“You Stole My Music!” Issues of Chords and Copyright Across Genres

In previous centuries, what was called “quotation” of musical material (or using excerpts of another composer’s works within one’s own works) was not something to be ashamed of. The idea of musical quotation actually demonstrated musical prowess of the person who created his or her artwork to be referenced by later composers. For example, scholars argue that they can hear Beethoven’s “Ode to Joy” theme in Brahms’ Symphony No. 1, which was composed about 40 years later. Yet, in the twenty-first century, attitudes toward musical ownership have radically changed. A recent example  is a court case that was ruled on in March of this year involving Robin Thicke, Pharrell Williams, and T.I. against the estate of Marvin Gaye. Robin Thicke’s song, “Blurred Lines” is allegedly a take-off of Marvin Gaye’s song, “Got to Give It Up,” which was released in 1977. The “Blurred Lines” team lost the case, ultimately owing over $7 million to the Gaye estate.

There are, predictably, two sides to this issue: the musical side and the legal side. Let’s take a look at the musical side first to determine what exactly the artists are disputing. The melody, or the vocal line, is not the same in each piece. Whereas Marvin Gaye’s song seems to ascend and focus on the upper register of his voice, Robin Thicke’s song seems to do the opposite, concentrating on his lower register and intermixing vocal lyricism with rap. Additionally, the themes discussed in the pieces are different as well; whereas “Got to Give It Up” talks about releasing one’s inhibitions to dance at a party, “Blurred Lines” takes a seductive, and arguably, demeaning approach to getting a girl’s attention. Gaye’s piece also has several instrumental breaks in between verses, which are not as noticeable in Robin Thicke’s piece until the end.

The shared harmonies [involving anything heard in the background, such as chord progressions (or the way that the chords move from one to the next), the bass line (the notes played by the lowest instrument heard in the song, etc.)] are the questionable parts to these pieces. If you look at the picture below, you will see excerpts of the bass lines of both songs. DISCLAIMER: YOU DO NOT HAVE TO POSSESS ANY KNOWLEDGE OF MUSIC THEORY TO UNDERSTAND THIS!

Blurred-Lines-Bass-Line-2

By just eyeballing the image, you can see that the rhythms of the notes found in the bass lines of both songs do not happen at exactly the same time; otherwise, the notes seen in each picture would line up directly with one another (just imagine trying to draw a straight line with a ruler through these notes…it doesn’t always work now, does it?). That being said, the rhythm is already one way in which these two examples diverge harmonically from one another. By listening to these songs and singling out each bass line (basically, just listen to the instrumental part and block the vocal part out), you can tell that they aren’t even in the same key (Marvin Gaye’s song is higher), another factor which causes the bass lines of the two songs to contrast. Below you will find a video of Marvin Gaye’s “Got to Give It Up” and a video of Robin Thicke’s “Blurred Lines” to help you discern the musical similarities and differences between the works.

Ok, so now that we have looked at the musical side of the issue, let’s take a glimpse at this dilemma from the legal standpoint to see what has contributed to its popularity amongst our tabloids. With music copyright cases becoming more prevalent, courts have had trouble deciding whether to interpret the law using the “Ordinary Audience Approach,” implying that the discrepancies debated must be recognizable by people who do not study music, or the “Specialized Audience Approach,” which involves a more complex musical analysis (employing the expertise of music scholars and theorists in court) due to the fact that an audience of non-musicians may downplay the issues of intellectual property (or one’s ownership in theory of a song) at hand. With these approaches in mind, courts may either limit themselves to melody, harmony, and rhythm, or go beyond the scope of these basic musical concepts to look at clusters of pitches (a bunch of notes not necessarily found in one key played at the same time) and color (or vocal or instrumental quality) of the sound. Duration of a particular phrase also plays an important role in court discretion. For example, the decision made in the case, Newton v. Diamond  held that a three-note pattern taken from a flute solo and used by the Beastie Boys was not long and musically substantial enough to present a copyright problem.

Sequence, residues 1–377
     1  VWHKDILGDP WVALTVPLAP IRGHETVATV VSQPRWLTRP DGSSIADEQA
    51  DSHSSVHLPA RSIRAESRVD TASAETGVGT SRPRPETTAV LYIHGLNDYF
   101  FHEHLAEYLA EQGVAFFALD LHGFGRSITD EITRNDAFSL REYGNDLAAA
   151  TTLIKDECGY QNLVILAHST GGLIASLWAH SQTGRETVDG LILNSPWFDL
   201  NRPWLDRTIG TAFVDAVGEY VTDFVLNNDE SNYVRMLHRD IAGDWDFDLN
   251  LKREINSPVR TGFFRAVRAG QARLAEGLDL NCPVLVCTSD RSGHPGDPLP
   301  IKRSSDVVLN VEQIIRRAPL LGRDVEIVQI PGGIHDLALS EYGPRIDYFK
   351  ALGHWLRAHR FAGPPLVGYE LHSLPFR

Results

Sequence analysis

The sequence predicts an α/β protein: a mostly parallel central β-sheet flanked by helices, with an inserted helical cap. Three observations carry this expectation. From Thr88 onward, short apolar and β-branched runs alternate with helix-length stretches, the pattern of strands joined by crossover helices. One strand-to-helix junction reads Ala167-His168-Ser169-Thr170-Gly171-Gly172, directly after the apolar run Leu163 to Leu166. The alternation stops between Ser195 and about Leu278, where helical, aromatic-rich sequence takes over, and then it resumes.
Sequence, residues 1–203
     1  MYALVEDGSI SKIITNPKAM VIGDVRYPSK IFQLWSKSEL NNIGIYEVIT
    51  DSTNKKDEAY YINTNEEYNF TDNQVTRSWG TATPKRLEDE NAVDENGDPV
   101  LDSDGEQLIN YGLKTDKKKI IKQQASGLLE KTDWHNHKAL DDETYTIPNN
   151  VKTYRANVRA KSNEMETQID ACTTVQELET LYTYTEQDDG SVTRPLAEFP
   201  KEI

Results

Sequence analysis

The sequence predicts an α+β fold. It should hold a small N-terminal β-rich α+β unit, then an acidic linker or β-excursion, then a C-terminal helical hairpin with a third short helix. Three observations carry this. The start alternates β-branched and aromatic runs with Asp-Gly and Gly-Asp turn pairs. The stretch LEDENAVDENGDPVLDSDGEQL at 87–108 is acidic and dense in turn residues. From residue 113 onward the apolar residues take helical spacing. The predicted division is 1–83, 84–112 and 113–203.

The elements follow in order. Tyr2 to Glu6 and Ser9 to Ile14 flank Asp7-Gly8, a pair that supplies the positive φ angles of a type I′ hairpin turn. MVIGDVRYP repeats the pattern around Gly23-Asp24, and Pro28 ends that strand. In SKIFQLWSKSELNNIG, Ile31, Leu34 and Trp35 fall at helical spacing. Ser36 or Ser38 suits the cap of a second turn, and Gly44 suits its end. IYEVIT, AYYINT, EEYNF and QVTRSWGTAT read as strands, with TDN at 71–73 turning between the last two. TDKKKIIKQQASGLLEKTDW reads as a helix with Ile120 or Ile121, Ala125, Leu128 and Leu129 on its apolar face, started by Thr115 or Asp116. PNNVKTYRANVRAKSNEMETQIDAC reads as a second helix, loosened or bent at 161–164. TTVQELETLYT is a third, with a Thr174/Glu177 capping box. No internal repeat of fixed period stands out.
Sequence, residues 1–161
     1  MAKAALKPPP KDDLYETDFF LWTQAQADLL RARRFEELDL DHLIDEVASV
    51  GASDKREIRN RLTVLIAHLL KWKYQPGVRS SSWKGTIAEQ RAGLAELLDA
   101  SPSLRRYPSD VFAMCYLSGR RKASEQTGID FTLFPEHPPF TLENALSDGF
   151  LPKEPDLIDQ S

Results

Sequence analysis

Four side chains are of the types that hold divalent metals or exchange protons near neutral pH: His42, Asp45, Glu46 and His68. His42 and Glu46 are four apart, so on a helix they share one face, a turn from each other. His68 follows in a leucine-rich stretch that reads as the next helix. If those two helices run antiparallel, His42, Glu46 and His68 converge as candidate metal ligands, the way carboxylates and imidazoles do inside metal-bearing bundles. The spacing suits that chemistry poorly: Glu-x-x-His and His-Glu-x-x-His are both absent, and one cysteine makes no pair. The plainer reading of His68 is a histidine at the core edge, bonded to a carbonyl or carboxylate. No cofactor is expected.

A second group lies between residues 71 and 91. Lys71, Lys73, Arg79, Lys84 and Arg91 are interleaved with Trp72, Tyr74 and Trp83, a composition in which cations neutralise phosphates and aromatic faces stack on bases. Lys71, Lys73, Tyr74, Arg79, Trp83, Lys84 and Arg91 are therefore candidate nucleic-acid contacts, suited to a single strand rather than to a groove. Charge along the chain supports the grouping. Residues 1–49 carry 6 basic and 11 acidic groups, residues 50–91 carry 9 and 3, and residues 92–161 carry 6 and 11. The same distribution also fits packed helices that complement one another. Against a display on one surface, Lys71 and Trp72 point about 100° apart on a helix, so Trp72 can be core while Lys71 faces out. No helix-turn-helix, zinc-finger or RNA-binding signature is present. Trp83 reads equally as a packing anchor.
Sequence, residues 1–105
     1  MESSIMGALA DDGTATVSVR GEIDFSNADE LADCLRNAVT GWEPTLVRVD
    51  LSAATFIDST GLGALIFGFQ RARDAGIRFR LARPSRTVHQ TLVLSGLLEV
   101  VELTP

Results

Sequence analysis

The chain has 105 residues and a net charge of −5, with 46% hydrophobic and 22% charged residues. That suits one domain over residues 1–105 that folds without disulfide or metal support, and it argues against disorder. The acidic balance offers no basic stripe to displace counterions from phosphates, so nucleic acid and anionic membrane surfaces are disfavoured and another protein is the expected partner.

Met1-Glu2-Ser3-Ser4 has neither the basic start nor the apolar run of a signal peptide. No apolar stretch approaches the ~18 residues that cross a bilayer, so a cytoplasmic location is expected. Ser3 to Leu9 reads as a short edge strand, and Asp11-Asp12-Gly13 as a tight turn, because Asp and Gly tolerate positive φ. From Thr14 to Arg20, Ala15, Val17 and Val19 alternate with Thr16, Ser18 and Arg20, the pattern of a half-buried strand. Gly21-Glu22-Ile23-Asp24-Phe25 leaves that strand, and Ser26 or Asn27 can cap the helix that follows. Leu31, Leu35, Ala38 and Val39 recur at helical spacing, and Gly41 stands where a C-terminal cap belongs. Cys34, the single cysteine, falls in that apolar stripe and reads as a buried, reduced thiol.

We see where the decision made in the “Blurred Lines” case does not match the precedent set in the Newton v. Diamond case, if we were able to point out an abundance of musical differences between this song and Marvin Gaye’s “Got to Give It Up.” Do you think that courts should rule on a case by case basis, or should they adopt the “Ordinary Audience Approach” or “Specialized Audience Approach” to make rulings more universal? With so many genres of music that have been put on the market for decades, do you think it is fair for composers and artists to claim rights to basic musical patterns or chord progressions, or do you think that as a society, we should look at copyright issues through the 19th century perspective of paying homage to composers through musical quotation, rather than stealing?

Scroll to the VERY, VERY bottom of the page (past the Works Cited, until you can’t scroll anymore) or go to the “Thoughts on You Stole My Music…” section to leave your comments. Check out the “Help! What Do I Write About?” tab if you have questions about what to discuss musically, or even if you have writer’s block!

Works Cited:

Growe, Kory. “Robin Thicke, Pharrell Lose Multi-Million ‘Blurred Lines’ Lawsuit.” RollingStone 10 March 2015. Web.